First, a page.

Building on your success

Forming a lasting relationship

Sustainable relationships with schools ensure that you get repeat visits and also lead to good word-of-mouth recommendations.

Following up

  • Write to the teachers to thank them for visiting and asking for an evaluation. You could even include some ideas for post-visit activities by sending links from this site. This will help to keep the experience in their minds and encourage them to visit again next year.
  • Send the teacher some photos of the day to show to the pupils or for display on the staffroom notice board.
  • If you have a website, and have permission from the school, post some photos on your site with a short comment from you about the visit.
  • Offer to go to the school a few months after the visit, or during the winter, to talk about what is happening on the farm. Refer to Making an effective presentation for some useful tips.

Increasing engagement

  • Try to provide something tangible for the children to take away with them, perhaps something for a follow-up activity such as seeds to grow, or materials for craft work.
  • Keep in touch with the teacher through regular, short email updates about what is happening on the farm; maybe add some photos for them to show the children. You can send the same email to all the teachers you have worked with.
  • Try an 'adopt an animal' scheme. Schools could 'adopt' one of your animals for a year. They could name it and follow its progress. This works best with young animals that they can visit more than once, or friendly permanent residents. You can do something similar with particular fields and update the school on what is growing there. You might even be able to use Skype or a similar application to talk to the class while you are on the farm!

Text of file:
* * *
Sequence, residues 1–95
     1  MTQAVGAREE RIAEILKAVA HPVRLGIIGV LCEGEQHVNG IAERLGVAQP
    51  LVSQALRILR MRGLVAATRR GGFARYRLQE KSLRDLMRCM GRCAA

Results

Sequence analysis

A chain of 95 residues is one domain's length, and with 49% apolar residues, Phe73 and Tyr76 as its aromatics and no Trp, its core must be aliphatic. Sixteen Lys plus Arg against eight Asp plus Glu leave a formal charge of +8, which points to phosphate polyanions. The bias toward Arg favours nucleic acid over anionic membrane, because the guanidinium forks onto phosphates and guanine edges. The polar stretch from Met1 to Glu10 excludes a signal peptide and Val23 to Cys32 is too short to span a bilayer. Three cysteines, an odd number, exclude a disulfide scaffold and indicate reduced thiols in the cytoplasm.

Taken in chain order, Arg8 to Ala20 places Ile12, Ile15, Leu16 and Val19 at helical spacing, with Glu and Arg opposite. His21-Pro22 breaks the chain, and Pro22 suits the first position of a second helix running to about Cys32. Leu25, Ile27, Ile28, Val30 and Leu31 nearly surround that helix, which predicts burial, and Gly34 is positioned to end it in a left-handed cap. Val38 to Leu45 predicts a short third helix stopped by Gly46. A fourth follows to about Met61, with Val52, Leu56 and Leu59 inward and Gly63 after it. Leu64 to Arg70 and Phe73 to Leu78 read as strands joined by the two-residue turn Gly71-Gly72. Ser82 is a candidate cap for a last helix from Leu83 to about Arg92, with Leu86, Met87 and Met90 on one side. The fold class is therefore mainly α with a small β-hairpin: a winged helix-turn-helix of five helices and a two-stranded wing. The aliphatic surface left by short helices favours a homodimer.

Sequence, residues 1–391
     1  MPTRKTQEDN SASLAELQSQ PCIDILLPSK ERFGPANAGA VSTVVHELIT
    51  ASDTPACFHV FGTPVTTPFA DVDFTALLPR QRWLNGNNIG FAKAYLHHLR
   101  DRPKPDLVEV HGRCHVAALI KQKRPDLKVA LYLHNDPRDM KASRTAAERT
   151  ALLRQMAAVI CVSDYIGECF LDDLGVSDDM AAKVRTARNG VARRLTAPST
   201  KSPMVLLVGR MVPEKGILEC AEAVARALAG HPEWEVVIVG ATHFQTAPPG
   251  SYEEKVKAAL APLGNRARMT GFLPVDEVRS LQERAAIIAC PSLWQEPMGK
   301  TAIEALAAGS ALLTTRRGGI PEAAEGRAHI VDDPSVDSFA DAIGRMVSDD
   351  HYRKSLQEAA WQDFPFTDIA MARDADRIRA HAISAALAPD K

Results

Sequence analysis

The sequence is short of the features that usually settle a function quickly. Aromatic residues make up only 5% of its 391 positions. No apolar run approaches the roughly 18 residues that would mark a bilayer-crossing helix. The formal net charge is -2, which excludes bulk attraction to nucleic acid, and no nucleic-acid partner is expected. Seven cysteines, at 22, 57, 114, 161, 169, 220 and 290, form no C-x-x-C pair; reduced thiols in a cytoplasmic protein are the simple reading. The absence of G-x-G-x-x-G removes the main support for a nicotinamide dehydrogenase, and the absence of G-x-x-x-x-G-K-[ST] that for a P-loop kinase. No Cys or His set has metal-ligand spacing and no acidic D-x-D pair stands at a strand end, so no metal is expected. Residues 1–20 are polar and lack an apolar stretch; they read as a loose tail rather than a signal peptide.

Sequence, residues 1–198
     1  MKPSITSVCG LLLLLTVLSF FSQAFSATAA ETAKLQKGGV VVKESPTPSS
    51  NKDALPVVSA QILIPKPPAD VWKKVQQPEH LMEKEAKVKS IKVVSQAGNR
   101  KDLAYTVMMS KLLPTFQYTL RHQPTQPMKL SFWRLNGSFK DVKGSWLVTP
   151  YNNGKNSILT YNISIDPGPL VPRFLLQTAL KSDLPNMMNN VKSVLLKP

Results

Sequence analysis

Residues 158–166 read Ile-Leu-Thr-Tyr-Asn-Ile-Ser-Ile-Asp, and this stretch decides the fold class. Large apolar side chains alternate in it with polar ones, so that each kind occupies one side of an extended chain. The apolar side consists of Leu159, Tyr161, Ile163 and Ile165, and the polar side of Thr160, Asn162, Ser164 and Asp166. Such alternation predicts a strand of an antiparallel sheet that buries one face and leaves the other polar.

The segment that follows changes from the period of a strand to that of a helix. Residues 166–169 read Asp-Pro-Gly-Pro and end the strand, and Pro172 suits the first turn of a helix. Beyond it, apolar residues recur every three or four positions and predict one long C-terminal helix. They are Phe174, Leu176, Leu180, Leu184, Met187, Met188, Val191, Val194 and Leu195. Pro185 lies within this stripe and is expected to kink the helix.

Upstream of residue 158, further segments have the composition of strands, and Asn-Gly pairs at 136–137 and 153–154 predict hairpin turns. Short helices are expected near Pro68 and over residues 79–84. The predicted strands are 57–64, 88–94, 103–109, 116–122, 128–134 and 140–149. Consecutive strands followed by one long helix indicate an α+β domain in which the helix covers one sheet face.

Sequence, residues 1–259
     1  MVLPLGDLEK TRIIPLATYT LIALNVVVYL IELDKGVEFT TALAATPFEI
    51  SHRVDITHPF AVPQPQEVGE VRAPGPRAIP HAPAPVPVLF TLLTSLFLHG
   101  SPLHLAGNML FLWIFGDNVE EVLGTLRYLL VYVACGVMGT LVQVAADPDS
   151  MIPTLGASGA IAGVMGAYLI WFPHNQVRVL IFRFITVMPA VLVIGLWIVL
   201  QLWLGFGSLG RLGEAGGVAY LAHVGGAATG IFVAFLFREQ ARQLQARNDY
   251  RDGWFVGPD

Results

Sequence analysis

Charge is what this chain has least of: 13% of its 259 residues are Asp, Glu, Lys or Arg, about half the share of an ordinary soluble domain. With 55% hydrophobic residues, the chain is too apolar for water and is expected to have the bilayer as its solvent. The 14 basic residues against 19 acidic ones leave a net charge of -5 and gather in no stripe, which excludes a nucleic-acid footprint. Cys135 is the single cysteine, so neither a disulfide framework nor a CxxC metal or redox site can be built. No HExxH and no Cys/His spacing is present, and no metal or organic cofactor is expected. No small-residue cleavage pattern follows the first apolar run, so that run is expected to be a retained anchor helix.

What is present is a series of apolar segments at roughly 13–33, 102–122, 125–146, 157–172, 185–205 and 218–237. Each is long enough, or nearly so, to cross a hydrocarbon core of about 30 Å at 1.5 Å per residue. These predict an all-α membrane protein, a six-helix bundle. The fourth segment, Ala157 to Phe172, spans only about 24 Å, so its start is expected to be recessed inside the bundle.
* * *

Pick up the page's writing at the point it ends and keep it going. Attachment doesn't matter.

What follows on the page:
• Show schools that there is too much to see in one visit and encourage them to work their way through your programme.
  • Demonstrate that you can cover a range of curriculum subjects which helps schools justify a repeat visit. For ideas, review Farm visits and the curriculum, and other farm-linked activities on this site.
  • Advertise more than once a year through a mail shot – schools get a lot of promotional information so sending it once is rarely enough.
  • Ask the school to produce materials such as bunting, hand prints or pictures of the farm to decorate your classroom or other covered area.
  • Offer to run a competition with a chance to win small prize. Art and poetry are often  appealing. The results could form part of a display in your covered area. 
  • Get your local Young Farmers Club involved in school liaison. 
  • If you have a suitable area of ground you could have a small garden where the children could plant seeds then come back to see their progress. Sunflowers are a good choice, or try potatoes.